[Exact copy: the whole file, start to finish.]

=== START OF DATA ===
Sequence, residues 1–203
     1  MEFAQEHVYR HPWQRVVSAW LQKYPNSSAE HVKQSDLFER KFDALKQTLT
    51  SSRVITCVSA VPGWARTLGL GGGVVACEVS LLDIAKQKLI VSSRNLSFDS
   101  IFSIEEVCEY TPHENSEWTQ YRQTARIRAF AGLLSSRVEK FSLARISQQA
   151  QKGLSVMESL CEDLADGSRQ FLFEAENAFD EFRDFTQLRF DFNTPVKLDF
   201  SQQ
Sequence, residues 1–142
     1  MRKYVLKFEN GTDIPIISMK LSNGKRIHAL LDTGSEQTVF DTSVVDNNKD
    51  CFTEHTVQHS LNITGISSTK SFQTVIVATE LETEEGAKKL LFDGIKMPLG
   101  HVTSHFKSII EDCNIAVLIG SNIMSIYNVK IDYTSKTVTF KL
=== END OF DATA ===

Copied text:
Sequence, residues 1–203
     1  MEFAQEHVYR HPWQRVVSAW LQKYPNSSAE HVKQSDLFER KFDALKQTLT
    51  SSRVITCVSA VPGWARTLGL GGGVVACEVS LLDIAKQKLI VSSRNLSFDS
   101  IFSIEEVCEY TPHENSEWTQ YRQTARIRAF AGLLSSRVEK FSLARISQQA
   151  QKGLSVMESL CEDLADGSRQ FLFEAENAFD EFRDFTQLRF DFNTPVKLDF
   201  SQQ
Sequence, residues 1–142
     1  MRKYVLKFEN GTDIPIISMK LSNGKRIHAL LDTGSEQTVF DTSVVDNNKD
    51  CFTEHTVQHS LNITGISSTK SFQTVIVATE LETEEGAKKL LFDGIKMPLG
   101  HVTSHFKSII EDCNIAVLIG SNIMSIYNVK IDYTSKTVTF KL